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    Get out the things you'll need.
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    Cut 3 centimeter (1.2 in) lengths from the pipe and make a mark 2/3 from one of the sides (1cm)
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    Put the screw in from the side farthest from the mark to a little behind where the mark is, and hammer on it from both sides till you can't get it out by and (you have too unscrew it, but later)
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    Hammer the sides diagonally and fold them to make a point form (it doesn't matter if it's perfect, you'll get it into better shape later)
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    Cut the sides on the bottom of the point and fold them over the sides. If you want to, use the grinder to polish, sharpen, and point the arrowheads
  6. 6
    Assemble the arrow. You'll need normal, wood shafts (they don' have to be any wood in particular.
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    Glue on your arrowheads and paint the shafts if you're going to. After you've glued on the points, cut the arrow to the right length. It can be done holding the arrow to you're anchor point and placing it on your extended arm – as if in shooting position - and adding the index fingers length) (by hammering and cutting in various ways you cant get different arrowhead forms – the middle one is a fishing arrow, and the right one is a poorly made hunting arrow)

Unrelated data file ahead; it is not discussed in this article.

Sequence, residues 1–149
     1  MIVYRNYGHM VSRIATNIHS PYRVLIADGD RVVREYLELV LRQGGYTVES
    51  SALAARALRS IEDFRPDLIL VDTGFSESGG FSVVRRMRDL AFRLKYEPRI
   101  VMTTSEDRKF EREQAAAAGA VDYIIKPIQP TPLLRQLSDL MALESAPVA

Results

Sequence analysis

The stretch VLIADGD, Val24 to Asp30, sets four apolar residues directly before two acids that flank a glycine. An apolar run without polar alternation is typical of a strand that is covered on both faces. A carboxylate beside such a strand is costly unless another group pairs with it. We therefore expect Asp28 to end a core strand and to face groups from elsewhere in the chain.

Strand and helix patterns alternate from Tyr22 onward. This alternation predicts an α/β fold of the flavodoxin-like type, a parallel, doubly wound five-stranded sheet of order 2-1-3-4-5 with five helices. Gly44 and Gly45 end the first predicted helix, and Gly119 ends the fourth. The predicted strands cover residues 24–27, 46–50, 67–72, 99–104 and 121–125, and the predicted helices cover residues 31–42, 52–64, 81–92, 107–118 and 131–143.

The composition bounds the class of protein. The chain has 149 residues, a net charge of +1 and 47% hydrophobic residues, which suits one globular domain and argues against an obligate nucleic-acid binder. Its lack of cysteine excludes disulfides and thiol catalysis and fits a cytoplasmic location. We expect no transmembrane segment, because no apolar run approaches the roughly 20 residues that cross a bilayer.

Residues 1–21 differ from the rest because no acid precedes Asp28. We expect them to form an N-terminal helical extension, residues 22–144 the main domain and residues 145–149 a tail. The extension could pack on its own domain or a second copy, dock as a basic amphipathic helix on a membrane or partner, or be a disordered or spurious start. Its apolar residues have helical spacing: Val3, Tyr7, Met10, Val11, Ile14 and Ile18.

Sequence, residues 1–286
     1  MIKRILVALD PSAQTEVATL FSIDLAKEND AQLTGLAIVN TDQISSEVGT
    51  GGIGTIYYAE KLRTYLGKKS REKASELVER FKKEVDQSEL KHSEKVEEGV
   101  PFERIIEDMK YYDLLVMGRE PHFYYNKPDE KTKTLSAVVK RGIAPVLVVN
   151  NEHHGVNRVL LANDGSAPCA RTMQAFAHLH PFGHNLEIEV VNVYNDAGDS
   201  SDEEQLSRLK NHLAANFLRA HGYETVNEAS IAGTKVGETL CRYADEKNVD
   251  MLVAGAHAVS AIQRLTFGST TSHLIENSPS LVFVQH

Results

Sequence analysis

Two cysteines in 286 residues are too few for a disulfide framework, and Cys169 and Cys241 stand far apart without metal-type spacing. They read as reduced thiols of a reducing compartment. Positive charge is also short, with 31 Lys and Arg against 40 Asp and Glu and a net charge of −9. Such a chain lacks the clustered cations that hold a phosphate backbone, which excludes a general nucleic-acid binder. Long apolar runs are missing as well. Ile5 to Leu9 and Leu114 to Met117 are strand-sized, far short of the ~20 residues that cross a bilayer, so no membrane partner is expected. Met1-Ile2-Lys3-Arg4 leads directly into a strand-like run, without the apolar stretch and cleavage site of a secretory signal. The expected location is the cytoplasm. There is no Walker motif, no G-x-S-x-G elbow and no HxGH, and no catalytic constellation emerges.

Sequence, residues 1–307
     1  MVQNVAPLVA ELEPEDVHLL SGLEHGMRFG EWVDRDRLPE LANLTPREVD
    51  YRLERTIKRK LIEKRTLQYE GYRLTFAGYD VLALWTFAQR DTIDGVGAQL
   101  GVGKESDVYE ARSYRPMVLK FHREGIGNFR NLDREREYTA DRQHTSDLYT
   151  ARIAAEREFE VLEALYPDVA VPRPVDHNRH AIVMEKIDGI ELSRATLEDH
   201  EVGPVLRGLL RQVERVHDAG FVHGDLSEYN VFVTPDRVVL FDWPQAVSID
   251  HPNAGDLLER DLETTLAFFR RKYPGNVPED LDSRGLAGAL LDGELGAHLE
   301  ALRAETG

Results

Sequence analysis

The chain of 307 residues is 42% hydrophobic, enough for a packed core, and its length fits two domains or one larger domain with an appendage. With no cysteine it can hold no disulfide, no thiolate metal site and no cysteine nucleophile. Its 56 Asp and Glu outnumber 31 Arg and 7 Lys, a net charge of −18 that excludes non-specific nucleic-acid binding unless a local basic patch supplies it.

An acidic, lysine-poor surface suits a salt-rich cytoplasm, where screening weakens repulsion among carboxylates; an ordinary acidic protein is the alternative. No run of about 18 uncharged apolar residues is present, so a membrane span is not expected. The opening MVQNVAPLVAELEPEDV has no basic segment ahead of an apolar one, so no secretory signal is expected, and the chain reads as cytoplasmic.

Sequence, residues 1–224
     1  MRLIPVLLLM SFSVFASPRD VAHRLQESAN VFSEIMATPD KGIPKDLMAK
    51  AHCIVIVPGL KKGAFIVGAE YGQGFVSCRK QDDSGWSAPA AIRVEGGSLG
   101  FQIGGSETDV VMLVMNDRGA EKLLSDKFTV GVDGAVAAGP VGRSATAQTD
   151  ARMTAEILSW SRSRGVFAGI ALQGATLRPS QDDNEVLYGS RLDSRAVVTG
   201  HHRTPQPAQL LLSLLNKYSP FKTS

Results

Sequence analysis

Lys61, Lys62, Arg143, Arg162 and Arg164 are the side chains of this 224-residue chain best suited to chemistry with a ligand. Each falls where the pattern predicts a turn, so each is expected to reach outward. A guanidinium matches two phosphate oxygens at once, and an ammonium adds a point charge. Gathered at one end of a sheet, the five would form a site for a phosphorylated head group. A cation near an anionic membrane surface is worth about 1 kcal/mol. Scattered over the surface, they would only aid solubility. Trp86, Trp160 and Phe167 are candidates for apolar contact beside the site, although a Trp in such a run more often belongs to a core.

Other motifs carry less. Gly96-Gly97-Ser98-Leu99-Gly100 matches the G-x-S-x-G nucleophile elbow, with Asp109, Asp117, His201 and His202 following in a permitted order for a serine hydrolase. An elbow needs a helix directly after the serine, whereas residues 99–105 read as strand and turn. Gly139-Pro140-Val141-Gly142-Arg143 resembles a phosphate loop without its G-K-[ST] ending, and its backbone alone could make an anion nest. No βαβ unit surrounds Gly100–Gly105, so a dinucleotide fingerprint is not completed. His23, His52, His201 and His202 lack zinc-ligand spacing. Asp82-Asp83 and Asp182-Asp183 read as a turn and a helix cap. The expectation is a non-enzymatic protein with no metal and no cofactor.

8. 8
    Cut the feathers/bike tire in more or less this shape (10-12cm across and 2 cm in the highest point), and make a mark along the arrows circumference 4 centimeter (1.6 in) from the back of the arrow. The backs of your fletches will touch this point. Make three marks in equal distance (this distance will be the same as the diameter of the shaft – in my case, 8mm) one from the other and glue the fletches as straight as you can. If you can, make one of the fletches (the guide one) parallel with the arrowhead.
  9. 9
    With your pencil sharpener, sharpen the end of the arrow (the will-be nock) until it is about half the diameter as the rest of the shaft. Heat your knife (it will turn black and you probably won't want to use it again for eating) and cut (with heat – if you saw the nock it will break quite quickly) about 1 centimeter (0.4 in) into the shaft (lengthwise). This cut has to be perpendicular to the guide fletch, and preferably to the point. Then heat the nail and at the end of the nock (where the string will be when it's nocked) pass it through widthwise, parallel to the cut you just made. You can also tie a bit of string bellow the nock to make it last longer.

Things You'll Need

  • metal pipe, a little thicker (in diameter) then your shafts
  • a hammer
  • an anvil (or rock. Rock is good)
  • a screw a little thinner than your shaft
  • a grinder, and two or tongs, pins (something you can use to hold strongly)

Article Info

Categories: Summarization | Archery